There was a point in the middle of the hardest part of my labor where I was hunched over in my shower, moaning and singing and swaying as hot water streamed all over my back, where I asked myself who was doing this to me. Who was making all of these unbelievably intense feelings happen to me? Instantly, I felt myself answer: You. You are doing this to you. Your body is doing all of this. Also? You're kind of a badass and not one to be messed with. Labor and delivery taught me to love my body, mostly by making me confront just how powerful my body is, despite how little it typically requires to be such a force.
In exchange for some food (OK, a lot of food, in my case), water, rest, and affection, my body not only keeps me alive but has successfully created a brand new (and quite adorable) person. As much as I used to begrudge myself the rest and other inconvenient needs of my body, after labor and birth I just couldn't. All this time, my body was doing so much, and is capable of so much, yet I was looking for ways to cheat it. I wanted to figure out the bare minimum I could get away with, especially in terms of sleep, to stay alive instead of giving it the full care it deserves.
I don't look for ways to cheat myself anymore. I can finally, honestly say that I love my body, not only because it made my precious son but also because I finally realized just how precious I am in the process of birthing him.
I Learned To Take My Body Seriously
There is literally nothing like making a new person to remind you how powerful your body is. Pregnancy jolted me into a new level of seriousness around self-care, but labor and birth taught me that simply listening to my body could yield incredible results.
I Learned To Be Present And Pay Attention To My Physical Signals
Though my mind is often in a million different places, during labor and birth I had to pay my full attention to what my body was telling me. There were no distractions: it was just me, yielding to whatever my body needed to do to stay some kind of comfortable and productive. That's been hugely helpful in my life as a mom (and just for living, more generally).
I Discovered Just How Powerful I Am…
Feeling the most intense sensations my body has ever experienced, and realizing that it was my own body generating them, helped me see that my body is quite literally a force to be reckoned with.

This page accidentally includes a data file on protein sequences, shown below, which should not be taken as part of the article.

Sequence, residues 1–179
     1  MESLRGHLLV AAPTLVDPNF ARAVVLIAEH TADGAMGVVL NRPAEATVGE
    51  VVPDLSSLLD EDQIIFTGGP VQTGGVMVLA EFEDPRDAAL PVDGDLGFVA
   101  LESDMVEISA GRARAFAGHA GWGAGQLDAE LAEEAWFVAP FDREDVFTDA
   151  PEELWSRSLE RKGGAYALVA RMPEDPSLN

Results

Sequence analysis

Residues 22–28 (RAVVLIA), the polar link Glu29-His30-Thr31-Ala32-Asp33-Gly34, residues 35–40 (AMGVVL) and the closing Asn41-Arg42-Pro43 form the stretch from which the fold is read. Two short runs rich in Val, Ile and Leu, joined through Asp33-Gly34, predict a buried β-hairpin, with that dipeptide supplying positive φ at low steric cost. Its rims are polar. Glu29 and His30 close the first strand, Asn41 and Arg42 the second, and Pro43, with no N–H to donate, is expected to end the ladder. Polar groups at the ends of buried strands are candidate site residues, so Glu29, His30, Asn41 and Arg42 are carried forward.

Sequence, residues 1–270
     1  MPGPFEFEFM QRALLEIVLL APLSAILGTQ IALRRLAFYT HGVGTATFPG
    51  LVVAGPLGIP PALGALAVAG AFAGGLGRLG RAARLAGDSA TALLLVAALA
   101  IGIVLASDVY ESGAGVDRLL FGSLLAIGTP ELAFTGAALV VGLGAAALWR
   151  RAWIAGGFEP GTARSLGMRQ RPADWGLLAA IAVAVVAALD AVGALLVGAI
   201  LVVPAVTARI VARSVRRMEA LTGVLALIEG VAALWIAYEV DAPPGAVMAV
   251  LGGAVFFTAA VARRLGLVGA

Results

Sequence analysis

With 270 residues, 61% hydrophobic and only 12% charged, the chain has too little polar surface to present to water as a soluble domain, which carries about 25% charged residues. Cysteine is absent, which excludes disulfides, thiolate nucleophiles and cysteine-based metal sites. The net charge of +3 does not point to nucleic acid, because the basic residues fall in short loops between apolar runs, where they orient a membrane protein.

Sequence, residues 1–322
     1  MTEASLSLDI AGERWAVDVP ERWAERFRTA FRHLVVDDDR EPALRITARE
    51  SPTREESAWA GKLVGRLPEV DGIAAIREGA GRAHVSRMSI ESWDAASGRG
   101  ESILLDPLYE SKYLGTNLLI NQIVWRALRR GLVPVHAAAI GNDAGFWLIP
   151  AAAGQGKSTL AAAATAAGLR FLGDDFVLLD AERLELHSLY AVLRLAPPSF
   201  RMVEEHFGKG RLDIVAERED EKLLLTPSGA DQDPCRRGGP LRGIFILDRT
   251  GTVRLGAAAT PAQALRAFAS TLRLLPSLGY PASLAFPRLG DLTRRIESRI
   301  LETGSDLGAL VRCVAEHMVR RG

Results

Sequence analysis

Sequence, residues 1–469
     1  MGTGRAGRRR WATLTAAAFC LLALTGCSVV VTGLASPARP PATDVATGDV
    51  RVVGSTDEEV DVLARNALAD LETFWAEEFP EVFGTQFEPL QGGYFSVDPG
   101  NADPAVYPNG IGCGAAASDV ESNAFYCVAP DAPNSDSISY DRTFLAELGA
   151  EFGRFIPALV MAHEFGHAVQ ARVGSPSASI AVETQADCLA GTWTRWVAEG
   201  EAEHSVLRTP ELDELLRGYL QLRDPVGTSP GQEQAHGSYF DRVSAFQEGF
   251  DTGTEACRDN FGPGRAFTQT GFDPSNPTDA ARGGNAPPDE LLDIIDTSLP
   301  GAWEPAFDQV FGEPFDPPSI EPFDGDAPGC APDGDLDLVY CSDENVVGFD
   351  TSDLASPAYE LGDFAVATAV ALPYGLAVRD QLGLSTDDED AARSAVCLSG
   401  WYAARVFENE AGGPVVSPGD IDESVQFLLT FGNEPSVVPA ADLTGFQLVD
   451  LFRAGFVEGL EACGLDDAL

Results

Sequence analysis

...And How Much I Can Do With Relatively Simple Everyday Actions
Yet I didn't need anything special in order to generate that force — it was just me, after having sex, eating, and sleeping enough. If such simple actions could yield such a profound result, it makes no sense for me to take them for granted. I no longer had any excuse not to nourish, rest, and respect myself as much as possible, and as much as I deserve.
It Totally Changed How I Saw Myself
It was hard not to take myself more seriously, and treat myself somewhat more reverently, after going through such a profound experience.
I Learned The Importance Of Advance Preparation
Even with something as “natural” as having an unmedicated birth, it's incredibly important to prepare beforehand. Winging it doesn't work when you're trying to meet a big physical challenge, whether it's giving birth or running a long-distance race or anything else. I'm so glad my partner and I took the time to take a childbirth class in the weeks leading up to birth, and that I'd spent so much time reading and learning about birth before giving birth myself. I know that it made a difference for me in the end.
I Recognized The Importance Of Rest And Recovery, Even After Positive Events
It’s taken me a long time to recognize and appreciate the value of rest. Even in the moments that I've begrudgingly accepted that I need to sleep and take care of myself, it's usually been after something bad happens — an injury or illness — not just something that needs to happen in the ordinary course of things.
Giving birth made me realize that even if everything goes right, it doesn't mean that my body isn't doing an awful lot and, as a result, requires proper rest to function. Rest isn't just something I should do the bare minimum of to avoid catastrophe; it needs to be a priority so my body can continue to do amazing things.
I Realized I Couldn't Love Anyone Else More Than I Loved Myself…
You can't give other people more than you have within yourself. It's the classic “blood from a turnip” scenario and it just won't work. I realized that all the feelings of love and pride and joy and protectiveness I had during and after birth weren't just for my baby or my partner, they were for me, too. That pride and love and care was for me, too, so that I could have enough to share with my family.
...So I'd Better Love Myself A Whole Lot, If I Wanted To Love And Care For My Baby To My High Standards
So if I was going to take on the physically (and emotionally, and mentally) demanding task of breastfeeding, bouncing, wearing, and loving my baby, I had to make sure I was well fed and well rested enough to keep up. As hard as it was — and as often as I failed — I worked to get as much sleep as I could, and I definitely prioritized as much self-care as I could (especially while I was exclusively breastfeeding).